Mathers family gift supports students in the elementary teacher pathway
Carolee Mathers knew that she wanted to be an elementary school teacher since she was in grade school herself. After graduating from the UW College of Education with her bachelor of arts degree in 1965, she began a 35-year career with the Mercer Island School District, teaching second and third grade. In and out of the classroom, Carolee always had a positive outlook and an excellent sense of humor, which helped her create a supportive learning environment for her students. Carolee’s outlook also helped her manage the challenges of her long-term condition, inclusion body myositis (IBM), and lift up the people she loved. While Carolee passed away in late 2019, the Carolee S. Mathers Endowment continues to support students who exemplify Carolee’s love of teaching and who wish to have the same lasting impact on their colleagues and students.
“Carolee shied away from recognition,” her husband Tom Mathers said when he reflected on what inspired him and Carolee to establish this endowment. “But she said it would be okay to start this fellowship to support and recognize future teachers. We wanted all educators to be recognized for their work and their passion for students.”
“She was a great teacher who could reach every student,” said her former colleague, Mercer Island teacher Laurel Baker. Baker found a mentor in Carolee during her first year of teaching. “She ignited a love of teaching for me. The first year of teaching can feel overwhelming, but it never felt that way for me because of Carolee.”
The Mathers established the Carolee S. Mathers Endowed Fellowship in 2013 to honor Carolee's teaching career. Alumna Angela Klaassen (MiT ‘15), now a third grade Spanish immersion teacher at McDonald International School, was the fellowship’s first recipient. For Klaassen, Tom and Carolee’s gift was a powerful reminder that the work she does is valued.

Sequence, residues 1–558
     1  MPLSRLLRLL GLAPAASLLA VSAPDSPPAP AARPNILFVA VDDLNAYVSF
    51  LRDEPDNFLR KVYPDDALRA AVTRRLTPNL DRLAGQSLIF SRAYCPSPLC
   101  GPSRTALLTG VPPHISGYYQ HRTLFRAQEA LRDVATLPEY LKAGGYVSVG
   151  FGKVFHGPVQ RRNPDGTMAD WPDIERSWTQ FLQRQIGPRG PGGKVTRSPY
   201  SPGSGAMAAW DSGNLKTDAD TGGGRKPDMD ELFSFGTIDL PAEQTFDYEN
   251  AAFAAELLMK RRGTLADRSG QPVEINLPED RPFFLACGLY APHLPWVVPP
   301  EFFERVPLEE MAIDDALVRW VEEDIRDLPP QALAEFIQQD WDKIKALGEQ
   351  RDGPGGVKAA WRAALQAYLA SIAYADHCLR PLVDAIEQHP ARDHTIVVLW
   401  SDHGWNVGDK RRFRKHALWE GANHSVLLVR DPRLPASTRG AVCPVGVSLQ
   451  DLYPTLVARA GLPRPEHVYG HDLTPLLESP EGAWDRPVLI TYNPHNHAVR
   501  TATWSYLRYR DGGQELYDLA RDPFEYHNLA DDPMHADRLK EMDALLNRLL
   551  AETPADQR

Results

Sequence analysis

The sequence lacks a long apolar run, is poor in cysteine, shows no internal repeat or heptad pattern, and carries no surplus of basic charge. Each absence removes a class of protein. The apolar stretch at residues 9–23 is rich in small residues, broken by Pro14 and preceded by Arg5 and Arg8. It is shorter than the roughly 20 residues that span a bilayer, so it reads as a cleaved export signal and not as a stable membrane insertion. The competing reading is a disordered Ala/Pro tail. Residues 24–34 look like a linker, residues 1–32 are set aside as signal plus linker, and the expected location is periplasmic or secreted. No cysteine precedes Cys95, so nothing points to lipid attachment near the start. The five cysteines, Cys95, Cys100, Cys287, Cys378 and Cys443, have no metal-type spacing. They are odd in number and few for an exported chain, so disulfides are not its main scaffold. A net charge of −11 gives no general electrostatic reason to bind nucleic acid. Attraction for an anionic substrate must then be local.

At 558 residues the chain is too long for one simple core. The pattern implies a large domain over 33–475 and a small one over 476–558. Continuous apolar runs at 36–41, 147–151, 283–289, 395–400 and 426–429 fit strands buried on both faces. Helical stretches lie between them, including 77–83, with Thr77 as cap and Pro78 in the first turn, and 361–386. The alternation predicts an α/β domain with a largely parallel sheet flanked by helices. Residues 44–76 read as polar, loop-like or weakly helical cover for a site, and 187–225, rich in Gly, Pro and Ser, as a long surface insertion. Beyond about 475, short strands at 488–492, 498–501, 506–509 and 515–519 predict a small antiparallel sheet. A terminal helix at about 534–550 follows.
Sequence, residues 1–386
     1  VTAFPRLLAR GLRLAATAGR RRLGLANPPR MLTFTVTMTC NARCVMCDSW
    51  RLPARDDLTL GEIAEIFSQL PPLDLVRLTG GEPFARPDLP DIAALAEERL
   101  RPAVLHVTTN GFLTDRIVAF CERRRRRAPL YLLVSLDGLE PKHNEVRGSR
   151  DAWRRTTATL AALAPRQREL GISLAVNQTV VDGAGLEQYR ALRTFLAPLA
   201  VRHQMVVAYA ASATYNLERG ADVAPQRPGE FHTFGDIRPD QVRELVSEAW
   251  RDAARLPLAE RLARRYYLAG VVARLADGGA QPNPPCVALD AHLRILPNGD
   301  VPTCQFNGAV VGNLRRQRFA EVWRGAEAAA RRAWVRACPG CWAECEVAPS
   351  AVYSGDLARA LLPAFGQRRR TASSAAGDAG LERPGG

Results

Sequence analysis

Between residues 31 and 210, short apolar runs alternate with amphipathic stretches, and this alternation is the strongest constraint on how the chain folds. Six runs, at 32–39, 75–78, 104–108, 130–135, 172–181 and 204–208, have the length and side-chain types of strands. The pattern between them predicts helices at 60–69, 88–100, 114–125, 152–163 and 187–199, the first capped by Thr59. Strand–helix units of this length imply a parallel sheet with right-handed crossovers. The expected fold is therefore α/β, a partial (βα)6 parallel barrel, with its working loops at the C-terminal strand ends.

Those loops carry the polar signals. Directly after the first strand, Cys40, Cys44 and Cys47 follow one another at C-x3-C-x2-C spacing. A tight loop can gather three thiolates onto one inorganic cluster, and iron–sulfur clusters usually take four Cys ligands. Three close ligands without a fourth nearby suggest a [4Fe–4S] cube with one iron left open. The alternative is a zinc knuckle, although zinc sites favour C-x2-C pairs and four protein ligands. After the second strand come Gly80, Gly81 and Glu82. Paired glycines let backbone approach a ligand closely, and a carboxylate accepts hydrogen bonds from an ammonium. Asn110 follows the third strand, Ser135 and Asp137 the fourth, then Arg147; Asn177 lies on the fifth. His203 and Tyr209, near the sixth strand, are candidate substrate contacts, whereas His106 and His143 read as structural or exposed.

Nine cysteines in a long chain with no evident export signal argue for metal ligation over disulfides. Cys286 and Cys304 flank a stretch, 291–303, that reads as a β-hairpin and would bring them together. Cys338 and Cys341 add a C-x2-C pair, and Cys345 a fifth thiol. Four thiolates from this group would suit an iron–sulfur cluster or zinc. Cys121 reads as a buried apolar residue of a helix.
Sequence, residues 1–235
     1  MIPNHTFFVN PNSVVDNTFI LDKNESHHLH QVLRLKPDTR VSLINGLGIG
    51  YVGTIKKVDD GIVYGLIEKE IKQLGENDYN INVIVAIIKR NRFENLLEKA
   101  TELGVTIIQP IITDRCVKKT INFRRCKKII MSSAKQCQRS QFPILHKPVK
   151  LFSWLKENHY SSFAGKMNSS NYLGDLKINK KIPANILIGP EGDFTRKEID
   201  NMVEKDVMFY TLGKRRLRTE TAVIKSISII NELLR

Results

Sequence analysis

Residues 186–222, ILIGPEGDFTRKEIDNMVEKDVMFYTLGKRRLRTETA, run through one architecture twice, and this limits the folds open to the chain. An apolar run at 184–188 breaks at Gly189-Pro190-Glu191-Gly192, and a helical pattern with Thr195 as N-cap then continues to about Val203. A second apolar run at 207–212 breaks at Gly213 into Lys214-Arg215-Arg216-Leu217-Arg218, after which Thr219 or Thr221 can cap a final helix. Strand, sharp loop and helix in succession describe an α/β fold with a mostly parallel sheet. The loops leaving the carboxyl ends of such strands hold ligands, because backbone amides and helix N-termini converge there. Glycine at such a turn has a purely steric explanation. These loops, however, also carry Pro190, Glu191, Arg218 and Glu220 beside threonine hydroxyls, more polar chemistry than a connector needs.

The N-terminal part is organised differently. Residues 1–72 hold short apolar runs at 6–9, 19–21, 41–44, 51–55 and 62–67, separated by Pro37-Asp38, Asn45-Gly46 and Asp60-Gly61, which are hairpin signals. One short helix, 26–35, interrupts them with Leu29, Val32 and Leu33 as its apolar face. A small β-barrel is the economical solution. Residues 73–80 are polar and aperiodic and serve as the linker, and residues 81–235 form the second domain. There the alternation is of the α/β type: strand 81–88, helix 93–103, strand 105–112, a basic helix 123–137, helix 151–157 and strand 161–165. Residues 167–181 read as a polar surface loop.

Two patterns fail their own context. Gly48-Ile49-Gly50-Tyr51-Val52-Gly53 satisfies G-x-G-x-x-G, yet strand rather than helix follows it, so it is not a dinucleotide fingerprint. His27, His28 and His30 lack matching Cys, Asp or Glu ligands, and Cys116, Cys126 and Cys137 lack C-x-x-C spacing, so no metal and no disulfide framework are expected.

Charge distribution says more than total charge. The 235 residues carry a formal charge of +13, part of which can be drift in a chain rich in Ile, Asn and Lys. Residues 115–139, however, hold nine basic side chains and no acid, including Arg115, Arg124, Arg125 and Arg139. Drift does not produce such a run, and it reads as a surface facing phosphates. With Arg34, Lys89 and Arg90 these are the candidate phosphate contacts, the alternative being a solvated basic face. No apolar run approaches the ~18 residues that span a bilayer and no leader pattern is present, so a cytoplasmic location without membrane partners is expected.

“Receiving this scholarship was an honor,” Klaassen said. “Although sometimes it seems like educators are undervalued, it is the commitment and generosity of donors like Carolee that are able to counter that narrative.”
In addition to establishing this fellowship, Carolee and Tom began supporting HuskyADAPT after her diagnosis, a UW organization which adapts toys for children with disabilities and designs other accessibility solutions.
Like Carolee, who constantly ran into former students that were delighted to see her, Klaassen believes building a strong relationship with each student is the key to providing them with the education they deserve. She credits the College of Education with giving her the skills to build these relationships ― and she is grateful that Carolee’s fellowship will help other passionate educators access this crucial training.
“The College of Education provided me with the tools that have helped me build strong foundational relationships with my students in order to reach them where they are and provide them what they need as their teacher,” Klaassen said. “By investing in future educators, Tom and Carolee ensure that people who are dedicated to education, no matter their circumstances, have access to what is offered by the College of Education.”
Charleen Wilcox, Director for Marketing & Communications, email@example.com